Submitted by Kristin Swan on Wed, 01/01/2003 - 12:00 am
Hood Quarterly, winter 2003
Raíces (1984) is the first work by Rupert Garcia (born 1941) to enter the Hood’s collection. A pioneer in the Chicano arts movement, Garcia has been at the forefront of politically and socially engaged art for the past four decades.
Works like Raíces (Roots) mark a transition in Garcia’s style from posters and single-figure paintings to monumental multipanel formats. Often done in pastel, these images combine vivid colors and disparate subjects to challenge the viewer to make new connections between the forms and ideas pictured by the artist.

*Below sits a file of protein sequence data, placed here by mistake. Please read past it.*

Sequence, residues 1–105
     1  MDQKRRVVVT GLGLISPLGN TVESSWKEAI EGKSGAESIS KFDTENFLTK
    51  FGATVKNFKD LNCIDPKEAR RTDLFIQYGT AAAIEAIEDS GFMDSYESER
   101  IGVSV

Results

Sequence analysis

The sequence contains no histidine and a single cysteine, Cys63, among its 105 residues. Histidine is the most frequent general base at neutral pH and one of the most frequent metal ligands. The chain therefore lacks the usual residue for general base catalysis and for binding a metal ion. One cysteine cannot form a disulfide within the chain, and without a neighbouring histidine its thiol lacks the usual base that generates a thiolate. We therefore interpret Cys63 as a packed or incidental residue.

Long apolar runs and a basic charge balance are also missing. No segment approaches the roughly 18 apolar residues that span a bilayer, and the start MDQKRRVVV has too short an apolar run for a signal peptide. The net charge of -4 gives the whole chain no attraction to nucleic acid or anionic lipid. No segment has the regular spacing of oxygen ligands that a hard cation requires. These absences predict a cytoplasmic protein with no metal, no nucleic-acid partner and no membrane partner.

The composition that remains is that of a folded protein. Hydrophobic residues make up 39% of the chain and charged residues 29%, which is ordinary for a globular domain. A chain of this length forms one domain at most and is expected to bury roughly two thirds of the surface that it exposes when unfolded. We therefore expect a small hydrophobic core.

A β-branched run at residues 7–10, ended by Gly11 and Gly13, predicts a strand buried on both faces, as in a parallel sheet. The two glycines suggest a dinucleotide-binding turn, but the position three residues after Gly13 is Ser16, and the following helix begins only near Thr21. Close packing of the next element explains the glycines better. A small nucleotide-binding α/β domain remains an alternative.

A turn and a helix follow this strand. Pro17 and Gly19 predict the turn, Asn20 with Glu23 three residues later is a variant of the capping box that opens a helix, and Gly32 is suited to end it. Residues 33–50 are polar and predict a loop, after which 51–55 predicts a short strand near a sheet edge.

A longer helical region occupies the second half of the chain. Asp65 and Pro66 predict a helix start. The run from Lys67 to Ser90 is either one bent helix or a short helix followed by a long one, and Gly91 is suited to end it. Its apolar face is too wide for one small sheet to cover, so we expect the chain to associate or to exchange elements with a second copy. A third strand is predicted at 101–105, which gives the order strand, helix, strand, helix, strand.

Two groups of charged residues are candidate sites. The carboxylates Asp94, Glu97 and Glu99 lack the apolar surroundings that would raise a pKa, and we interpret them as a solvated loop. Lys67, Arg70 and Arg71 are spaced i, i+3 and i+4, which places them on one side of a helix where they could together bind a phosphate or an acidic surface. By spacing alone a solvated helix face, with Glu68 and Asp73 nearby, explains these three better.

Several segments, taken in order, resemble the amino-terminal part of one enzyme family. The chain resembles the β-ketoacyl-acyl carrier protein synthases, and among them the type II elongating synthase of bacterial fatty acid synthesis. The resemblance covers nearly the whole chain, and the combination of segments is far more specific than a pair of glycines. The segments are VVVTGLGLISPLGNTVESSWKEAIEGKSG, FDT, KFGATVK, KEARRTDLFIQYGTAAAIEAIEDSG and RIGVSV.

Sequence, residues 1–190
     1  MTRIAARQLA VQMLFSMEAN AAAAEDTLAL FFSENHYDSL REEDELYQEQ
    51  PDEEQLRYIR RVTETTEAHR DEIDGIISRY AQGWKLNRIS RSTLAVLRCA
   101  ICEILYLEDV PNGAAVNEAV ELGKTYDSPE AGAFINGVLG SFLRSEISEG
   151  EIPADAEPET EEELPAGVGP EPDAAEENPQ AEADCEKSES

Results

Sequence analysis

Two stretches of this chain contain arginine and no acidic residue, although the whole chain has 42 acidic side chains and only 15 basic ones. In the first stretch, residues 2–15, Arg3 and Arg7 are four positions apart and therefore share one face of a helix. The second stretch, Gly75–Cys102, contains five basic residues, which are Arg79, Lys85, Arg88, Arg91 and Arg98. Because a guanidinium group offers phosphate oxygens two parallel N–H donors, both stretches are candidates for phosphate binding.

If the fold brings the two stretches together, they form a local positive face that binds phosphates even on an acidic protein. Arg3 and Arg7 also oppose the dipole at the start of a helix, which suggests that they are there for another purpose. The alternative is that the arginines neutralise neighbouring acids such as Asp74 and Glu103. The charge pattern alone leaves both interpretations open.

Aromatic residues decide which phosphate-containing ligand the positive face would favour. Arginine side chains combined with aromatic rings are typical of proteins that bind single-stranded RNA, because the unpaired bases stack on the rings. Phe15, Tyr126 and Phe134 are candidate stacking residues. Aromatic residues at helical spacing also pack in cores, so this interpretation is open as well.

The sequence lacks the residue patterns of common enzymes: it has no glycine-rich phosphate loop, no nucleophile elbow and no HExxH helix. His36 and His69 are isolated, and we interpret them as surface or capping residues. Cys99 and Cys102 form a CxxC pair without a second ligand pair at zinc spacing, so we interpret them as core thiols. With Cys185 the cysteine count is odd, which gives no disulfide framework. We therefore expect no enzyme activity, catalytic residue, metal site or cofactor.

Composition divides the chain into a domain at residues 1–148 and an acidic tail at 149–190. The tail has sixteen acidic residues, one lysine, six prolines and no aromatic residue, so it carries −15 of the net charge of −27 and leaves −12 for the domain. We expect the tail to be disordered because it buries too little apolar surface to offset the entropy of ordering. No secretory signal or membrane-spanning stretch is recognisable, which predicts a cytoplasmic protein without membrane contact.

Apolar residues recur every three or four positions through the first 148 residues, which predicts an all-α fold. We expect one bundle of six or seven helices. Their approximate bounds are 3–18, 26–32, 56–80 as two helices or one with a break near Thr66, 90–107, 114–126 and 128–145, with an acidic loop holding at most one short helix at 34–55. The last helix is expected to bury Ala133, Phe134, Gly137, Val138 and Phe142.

Raíces juxtaposes a close-up of an Olmec head, a reference to Mexico’s earliest civilizations, with a slightly abstracted image of the birthplace of the revolutionary figure Emiliano Zapata. Bridging nearly three millennia of Mexican history, Raíces represents another Orozco-like “epic” of American civilization, raising issues of permanence versus destruction, icons and their auras, and indigenous versus colonial histories. It is on view at the Hood through the end of January.